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Processes of social flourishing and their liminal collapse: elements to a genealogy of globalization
John Wiley & Sons Ltd
This article aims at exploring a long-term historical perspective on which contemporary globalization can be more meaningfully situated. A central problem with established approaches to globalization is that they are even more presentist than the literature on modernization was. Presentism not only means the ignoring of history, but also the unreﬂective application to history of concepts taken from the study of the modern world. In contrast, it is argued that contemporary globalization is not a unique development, but rather is a concrete case of a historical type. Taking as its point of departure the spirit, rather than the word, of Max Weber, this article extends the scope of sociological investigation into archaeological evidence. Having a genealogical design and introducing the concept of ‘liminality’, the article approaches the modern process of globalization through reconstructing the internal dynamics of another type of historical change called ‘social ﬂourishing’. Taking up the Weberian approach continued by Eisenstadt in his writings on ‘axial age’, it moves away from situations of crisis as reference point, shifting attention to periods of revival by introducing the term ‘epiphany’. Through the case of early Mesopotamia, it shows how social ﬂourishing can be transmogriﬁed into globalizing growth, gaining a new perspective concerning the kind of ‘animating spirit’ that might have driven the shift from Renaissance to Reformation, the rise of modern colonialism, or contemporary globalization. More generally, it will retrieve the long-term historical background of the axial age and demonstrate the usefulness and importance of archaeological evidence for sociology.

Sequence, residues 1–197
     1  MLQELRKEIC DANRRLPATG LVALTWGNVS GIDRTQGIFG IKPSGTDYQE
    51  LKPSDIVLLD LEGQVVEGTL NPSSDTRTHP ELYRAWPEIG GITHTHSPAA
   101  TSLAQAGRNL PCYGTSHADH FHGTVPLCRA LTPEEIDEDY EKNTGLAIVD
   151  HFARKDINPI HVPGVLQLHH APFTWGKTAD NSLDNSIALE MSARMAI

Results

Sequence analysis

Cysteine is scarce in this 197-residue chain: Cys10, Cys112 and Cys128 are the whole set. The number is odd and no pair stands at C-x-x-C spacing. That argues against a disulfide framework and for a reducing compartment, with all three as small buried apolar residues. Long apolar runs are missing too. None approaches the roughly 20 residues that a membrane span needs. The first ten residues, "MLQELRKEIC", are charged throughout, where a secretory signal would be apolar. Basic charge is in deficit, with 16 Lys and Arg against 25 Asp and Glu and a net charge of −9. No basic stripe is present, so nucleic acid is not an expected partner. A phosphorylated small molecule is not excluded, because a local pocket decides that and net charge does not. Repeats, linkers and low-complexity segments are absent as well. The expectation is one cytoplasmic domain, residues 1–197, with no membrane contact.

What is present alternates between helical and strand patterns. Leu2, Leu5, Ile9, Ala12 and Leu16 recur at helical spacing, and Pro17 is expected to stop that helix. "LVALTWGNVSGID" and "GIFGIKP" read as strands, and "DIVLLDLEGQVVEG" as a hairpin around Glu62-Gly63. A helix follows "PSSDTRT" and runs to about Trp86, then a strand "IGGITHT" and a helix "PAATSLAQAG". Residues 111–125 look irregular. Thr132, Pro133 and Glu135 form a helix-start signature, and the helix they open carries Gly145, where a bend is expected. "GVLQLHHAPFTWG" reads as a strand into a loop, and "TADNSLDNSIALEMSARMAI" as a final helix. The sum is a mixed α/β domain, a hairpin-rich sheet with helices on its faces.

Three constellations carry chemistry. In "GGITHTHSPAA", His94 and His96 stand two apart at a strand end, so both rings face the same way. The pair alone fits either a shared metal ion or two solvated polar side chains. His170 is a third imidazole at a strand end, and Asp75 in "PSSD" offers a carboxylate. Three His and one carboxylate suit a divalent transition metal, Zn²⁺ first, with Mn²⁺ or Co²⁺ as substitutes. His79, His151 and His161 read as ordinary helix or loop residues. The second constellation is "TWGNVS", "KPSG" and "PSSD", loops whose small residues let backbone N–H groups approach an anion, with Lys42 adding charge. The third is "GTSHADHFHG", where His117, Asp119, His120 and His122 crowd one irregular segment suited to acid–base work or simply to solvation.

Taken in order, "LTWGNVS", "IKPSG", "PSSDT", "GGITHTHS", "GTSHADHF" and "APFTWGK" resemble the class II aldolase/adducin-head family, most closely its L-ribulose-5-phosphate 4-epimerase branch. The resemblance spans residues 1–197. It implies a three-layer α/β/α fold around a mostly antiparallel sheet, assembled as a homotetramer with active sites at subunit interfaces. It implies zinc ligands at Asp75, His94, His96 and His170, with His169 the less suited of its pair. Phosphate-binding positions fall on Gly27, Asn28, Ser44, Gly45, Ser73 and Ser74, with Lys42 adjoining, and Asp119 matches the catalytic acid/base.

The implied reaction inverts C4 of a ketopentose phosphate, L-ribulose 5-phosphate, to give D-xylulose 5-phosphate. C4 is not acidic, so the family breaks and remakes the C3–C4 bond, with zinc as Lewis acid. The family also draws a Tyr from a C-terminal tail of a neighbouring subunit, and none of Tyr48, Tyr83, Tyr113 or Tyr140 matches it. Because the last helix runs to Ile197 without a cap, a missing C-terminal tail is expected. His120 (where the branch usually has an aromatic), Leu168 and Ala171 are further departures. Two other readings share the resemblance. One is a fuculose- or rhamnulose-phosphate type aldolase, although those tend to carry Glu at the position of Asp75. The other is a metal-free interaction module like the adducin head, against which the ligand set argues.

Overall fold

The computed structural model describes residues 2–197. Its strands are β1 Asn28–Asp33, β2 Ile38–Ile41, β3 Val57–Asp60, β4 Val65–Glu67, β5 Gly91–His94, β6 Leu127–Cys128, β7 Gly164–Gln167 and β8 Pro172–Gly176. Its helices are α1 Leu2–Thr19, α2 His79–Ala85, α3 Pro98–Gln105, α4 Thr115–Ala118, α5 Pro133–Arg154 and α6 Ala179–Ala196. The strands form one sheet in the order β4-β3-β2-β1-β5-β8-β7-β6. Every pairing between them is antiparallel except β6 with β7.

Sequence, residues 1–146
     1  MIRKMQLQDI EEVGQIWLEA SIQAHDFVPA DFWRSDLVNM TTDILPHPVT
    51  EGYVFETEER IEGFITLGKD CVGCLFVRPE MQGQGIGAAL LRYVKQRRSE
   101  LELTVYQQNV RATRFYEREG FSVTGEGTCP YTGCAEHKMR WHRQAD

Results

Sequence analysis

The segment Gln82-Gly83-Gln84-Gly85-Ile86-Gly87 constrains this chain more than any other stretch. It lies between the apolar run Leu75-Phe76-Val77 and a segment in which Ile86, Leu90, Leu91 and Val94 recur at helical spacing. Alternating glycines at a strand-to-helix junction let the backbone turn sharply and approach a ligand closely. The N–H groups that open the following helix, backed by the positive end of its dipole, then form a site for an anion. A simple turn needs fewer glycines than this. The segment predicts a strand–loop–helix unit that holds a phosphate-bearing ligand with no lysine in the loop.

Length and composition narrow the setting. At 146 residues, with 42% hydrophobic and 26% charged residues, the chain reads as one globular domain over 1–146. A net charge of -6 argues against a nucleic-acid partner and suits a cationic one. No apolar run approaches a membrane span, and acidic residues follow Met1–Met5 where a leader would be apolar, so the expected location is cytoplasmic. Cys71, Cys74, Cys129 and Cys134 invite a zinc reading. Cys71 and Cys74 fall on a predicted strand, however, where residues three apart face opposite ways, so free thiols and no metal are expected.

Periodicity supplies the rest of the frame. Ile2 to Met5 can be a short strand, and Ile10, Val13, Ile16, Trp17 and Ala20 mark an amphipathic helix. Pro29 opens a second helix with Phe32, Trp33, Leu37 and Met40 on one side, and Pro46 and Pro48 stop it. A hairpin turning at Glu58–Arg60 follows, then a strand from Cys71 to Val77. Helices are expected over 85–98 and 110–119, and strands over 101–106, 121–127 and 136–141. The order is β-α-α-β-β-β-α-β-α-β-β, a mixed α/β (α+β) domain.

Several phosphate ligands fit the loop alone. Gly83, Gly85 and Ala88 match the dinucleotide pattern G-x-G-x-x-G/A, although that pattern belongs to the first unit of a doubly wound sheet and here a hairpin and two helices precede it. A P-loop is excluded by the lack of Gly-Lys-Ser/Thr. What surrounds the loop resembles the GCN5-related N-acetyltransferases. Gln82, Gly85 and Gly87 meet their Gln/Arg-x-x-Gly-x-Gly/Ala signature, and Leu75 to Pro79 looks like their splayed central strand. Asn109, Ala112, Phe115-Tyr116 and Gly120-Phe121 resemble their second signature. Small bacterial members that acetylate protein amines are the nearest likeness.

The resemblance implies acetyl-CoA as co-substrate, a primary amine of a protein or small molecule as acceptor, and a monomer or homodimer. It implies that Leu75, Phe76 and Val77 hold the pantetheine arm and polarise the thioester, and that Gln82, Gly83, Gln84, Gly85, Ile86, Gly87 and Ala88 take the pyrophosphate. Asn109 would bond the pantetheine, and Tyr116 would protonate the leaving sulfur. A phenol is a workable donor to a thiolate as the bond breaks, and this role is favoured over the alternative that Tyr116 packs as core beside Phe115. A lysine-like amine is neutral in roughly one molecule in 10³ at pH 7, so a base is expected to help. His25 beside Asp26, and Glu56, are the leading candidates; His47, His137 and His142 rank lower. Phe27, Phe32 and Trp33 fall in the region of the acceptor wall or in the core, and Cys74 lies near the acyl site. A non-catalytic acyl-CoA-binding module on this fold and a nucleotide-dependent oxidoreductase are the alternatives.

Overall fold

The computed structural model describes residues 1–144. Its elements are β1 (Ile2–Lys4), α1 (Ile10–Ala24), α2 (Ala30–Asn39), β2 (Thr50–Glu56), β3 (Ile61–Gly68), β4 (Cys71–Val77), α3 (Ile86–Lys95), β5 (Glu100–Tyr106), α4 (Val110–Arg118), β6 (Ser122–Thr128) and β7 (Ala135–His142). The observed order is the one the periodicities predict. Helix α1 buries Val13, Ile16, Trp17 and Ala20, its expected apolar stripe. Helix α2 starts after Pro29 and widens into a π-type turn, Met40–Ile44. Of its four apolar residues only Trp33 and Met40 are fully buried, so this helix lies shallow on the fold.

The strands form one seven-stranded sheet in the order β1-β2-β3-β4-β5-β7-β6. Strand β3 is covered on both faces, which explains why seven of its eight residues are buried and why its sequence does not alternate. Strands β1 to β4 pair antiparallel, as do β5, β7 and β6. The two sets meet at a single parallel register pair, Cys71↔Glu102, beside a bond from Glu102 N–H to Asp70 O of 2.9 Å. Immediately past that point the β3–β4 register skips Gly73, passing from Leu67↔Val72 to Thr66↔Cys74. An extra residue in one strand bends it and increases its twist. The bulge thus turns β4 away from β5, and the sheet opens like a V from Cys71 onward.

Axial age , Comparative historical sociology , Max Weber , Genealogy , Liminality , Religious experience
Szakolczai, A. (2016) 'Processes of social flourishing and their liminal collapse: elements to a genealogy of globalization', British Journal of Sociology, 67(3), pp. 435–455. doi:10.1111/1468-4446.12213
© 2016, London School of Economics and Political Science. This is the peer reviewed version of the following article: Szakolczai, A. (2016) 'Processes of social flourishing and their liminal collapse: elements to a genealogy of globalization', British Journal of Sociology, 67(3), pp. 435–455, which has been published in final form at 10.1111/1468-4446.12213. This article may be used for non-commercial purposes in accordance with Wiley Terms and Conditions for Self-Archiving.